Babies Born Past Term Associated With Increased Risk of Cerebral Palsy
While preterm birth is a known risk factor for cerebral palsy, an examination of data for infants born at term or later finds that compared with delivery at 40 weeks, birth at 37 or 38 weeks or at 42 weeks or later was associated with an increased risk of cerebral palsy, according to a study by Dag Moster and his colleagues at the UiB.
The study is published in the in the September 1 issue of JAMA.
Cerebral palsy (CP), the most common cause of physical disability in childhood, with limitations that persist throughout life, is characterized by nonprogressive disorders of movement and posture. -One of the strongest predictors of CP is preterm birth, with the risk of CP increasing steadily with earlier delivery. Although risk is lower among term births, about three-fourths of all infants with CP are born after 36 weeks. Within this range of term births, there are few data on the possible association of CP with gestational age,” the authors write it their article.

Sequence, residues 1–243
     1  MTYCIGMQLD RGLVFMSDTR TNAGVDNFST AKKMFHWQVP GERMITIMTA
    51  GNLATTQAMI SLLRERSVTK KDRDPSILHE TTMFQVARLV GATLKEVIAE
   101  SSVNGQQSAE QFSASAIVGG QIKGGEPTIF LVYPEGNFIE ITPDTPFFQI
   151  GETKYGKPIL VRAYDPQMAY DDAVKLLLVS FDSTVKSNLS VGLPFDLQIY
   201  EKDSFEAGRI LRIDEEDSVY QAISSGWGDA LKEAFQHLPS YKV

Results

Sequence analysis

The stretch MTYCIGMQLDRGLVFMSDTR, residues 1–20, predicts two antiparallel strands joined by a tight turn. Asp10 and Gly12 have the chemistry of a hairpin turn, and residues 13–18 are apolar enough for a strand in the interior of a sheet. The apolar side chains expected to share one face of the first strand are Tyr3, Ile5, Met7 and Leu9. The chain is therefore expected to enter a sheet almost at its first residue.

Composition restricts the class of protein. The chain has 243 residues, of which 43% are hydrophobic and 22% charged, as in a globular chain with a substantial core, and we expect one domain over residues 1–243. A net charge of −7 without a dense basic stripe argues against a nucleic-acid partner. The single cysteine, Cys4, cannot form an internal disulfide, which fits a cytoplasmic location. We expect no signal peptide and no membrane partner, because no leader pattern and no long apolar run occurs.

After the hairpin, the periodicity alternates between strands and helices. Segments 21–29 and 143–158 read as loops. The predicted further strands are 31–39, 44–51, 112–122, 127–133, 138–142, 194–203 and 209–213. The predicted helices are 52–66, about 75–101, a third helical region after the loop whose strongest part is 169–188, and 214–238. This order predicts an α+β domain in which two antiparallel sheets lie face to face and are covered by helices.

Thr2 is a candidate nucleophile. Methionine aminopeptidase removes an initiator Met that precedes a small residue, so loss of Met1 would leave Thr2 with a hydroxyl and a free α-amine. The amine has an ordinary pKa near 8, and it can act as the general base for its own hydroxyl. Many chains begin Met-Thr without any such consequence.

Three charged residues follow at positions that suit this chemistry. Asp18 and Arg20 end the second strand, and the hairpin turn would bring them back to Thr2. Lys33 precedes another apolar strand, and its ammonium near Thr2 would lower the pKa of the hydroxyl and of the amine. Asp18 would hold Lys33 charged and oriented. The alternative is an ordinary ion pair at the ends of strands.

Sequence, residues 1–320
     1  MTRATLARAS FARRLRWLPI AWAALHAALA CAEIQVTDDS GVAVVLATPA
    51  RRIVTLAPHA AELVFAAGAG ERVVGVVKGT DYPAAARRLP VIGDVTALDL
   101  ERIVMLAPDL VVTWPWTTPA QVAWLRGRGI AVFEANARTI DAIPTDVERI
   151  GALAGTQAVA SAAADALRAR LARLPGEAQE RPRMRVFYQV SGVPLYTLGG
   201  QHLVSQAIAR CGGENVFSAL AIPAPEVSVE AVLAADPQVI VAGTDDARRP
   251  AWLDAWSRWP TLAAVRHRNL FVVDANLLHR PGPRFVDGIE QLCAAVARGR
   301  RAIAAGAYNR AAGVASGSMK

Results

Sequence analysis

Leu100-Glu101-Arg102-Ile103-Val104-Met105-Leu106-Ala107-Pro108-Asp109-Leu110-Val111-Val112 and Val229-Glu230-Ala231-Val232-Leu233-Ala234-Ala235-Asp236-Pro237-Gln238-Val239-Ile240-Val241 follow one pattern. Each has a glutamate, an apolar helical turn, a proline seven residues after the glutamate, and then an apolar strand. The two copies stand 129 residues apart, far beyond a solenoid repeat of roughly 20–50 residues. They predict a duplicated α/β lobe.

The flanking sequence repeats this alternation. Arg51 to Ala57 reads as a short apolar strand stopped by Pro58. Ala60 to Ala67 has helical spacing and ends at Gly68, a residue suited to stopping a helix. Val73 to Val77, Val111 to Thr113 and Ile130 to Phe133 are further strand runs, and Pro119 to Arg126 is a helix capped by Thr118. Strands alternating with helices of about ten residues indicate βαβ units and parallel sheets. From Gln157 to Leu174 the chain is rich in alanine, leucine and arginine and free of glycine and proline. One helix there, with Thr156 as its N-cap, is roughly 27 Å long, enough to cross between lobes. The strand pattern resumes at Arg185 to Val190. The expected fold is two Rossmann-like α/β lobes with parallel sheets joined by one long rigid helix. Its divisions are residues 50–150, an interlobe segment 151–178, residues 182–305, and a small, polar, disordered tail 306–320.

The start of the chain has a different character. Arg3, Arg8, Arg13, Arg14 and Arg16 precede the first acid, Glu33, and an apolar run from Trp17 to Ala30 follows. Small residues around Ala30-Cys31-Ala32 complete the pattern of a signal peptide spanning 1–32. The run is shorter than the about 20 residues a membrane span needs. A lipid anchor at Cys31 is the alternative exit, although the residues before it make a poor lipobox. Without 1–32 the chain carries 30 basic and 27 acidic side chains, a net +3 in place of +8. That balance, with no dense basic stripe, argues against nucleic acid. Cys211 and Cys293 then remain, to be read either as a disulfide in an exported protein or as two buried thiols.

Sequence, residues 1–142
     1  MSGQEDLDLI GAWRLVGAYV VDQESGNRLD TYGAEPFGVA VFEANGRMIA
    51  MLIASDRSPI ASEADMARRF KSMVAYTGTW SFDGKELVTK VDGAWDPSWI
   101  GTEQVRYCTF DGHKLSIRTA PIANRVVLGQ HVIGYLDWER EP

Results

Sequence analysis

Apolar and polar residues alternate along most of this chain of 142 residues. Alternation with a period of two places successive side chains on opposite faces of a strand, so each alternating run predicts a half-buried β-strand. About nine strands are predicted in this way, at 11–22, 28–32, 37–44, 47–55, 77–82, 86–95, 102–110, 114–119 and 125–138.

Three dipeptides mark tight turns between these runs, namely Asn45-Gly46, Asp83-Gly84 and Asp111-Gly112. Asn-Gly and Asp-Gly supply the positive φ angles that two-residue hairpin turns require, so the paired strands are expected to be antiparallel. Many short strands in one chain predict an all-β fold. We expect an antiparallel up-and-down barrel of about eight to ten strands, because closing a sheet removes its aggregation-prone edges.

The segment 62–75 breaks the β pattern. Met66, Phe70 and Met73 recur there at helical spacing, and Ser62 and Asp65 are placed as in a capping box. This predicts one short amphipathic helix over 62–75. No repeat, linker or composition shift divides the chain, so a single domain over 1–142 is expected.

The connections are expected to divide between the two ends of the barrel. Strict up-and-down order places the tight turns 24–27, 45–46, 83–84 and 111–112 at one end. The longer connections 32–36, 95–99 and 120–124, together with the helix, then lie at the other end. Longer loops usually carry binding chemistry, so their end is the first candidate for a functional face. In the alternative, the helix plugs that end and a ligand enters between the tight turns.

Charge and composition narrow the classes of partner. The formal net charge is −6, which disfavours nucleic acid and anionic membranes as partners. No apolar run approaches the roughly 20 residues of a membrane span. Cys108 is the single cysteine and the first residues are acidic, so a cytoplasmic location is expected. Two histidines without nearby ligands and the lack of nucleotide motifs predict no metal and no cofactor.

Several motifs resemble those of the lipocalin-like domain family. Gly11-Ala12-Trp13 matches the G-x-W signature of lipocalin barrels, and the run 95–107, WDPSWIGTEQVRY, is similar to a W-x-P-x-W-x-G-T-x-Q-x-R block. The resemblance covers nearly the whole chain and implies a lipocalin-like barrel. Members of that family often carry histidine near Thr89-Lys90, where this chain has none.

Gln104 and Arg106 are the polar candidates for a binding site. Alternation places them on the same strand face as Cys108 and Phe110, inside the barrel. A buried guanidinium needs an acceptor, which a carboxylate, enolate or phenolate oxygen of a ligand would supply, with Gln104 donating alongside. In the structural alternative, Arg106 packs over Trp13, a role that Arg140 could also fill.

Dag Moster and colleagues examined the relation of CP risk with gestational age among term and postterm births using the Medical Birth Registry of Norway, which identified 1,682,441 children born in the years 1967-2001 with a gestational age of 37 through 44 weeks and no congenital anomalies. The group was followed up through 2005 by linkage to other national registries.
Risk for CP was higher with earlier or later delivery, with 90 percent increased risk at 37 weeks, 30 percent higher risk at 38 weeks, and 40 percent higher risk at 42 weeks.
- The risk of CP is in any case small, says Moster, and points out that at 40 weeks, 1 per 1000 newborns had CP, while the corresponding figure at 42 weeks was 1,4 per 1000 babies.